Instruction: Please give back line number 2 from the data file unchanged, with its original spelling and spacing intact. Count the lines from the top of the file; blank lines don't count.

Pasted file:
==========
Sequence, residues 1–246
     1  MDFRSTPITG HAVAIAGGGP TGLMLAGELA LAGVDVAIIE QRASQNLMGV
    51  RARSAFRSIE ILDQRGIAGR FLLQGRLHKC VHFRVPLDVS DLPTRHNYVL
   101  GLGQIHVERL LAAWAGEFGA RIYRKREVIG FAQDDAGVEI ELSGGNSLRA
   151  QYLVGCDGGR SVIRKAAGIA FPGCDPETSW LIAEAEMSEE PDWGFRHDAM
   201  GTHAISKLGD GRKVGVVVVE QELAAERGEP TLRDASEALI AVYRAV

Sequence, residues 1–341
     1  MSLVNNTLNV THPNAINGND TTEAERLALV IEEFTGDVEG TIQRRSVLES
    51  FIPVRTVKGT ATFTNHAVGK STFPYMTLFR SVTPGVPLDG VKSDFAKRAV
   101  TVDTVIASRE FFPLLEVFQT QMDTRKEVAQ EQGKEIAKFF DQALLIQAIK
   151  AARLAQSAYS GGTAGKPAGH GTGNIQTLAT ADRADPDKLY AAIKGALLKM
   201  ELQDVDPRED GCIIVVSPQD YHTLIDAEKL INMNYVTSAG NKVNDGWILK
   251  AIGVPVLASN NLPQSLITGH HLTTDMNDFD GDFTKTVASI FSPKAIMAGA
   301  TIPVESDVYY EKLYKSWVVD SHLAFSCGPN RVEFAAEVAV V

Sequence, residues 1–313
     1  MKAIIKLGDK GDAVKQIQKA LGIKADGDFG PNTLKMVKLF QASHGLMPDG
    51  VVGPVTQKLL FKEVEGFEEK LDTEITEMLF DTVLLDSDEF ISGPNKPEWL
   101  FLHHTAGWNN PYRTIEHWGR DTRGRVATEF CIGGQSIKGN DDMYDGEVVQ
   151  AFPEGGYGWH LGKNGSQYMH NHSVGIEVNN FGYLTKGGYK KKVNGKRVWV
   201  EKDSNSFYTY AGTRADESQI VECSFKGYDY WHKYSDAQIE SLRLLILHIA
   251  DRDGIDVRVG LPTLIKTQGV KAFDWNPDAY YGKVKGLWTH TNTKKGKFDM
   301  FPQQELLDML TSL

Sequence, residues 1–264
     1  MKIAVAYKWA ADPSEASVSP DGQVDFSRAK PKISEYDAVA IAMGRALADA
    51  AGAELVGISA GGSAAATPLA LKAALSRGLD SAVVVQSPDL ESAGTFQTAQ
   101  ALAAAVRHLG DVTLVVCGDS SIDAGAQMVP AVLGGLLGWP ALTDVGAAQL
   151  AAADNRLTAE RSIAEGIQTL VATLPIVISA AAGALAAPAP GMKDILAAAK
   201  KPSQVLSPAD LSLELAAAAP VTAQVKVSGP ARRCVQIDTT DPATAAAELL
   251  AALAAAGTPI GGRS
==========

     1  MDFRSTPITG HAVAIAGGGP TGLMLAGELA LAGVDVAIIE QRASQNLMGV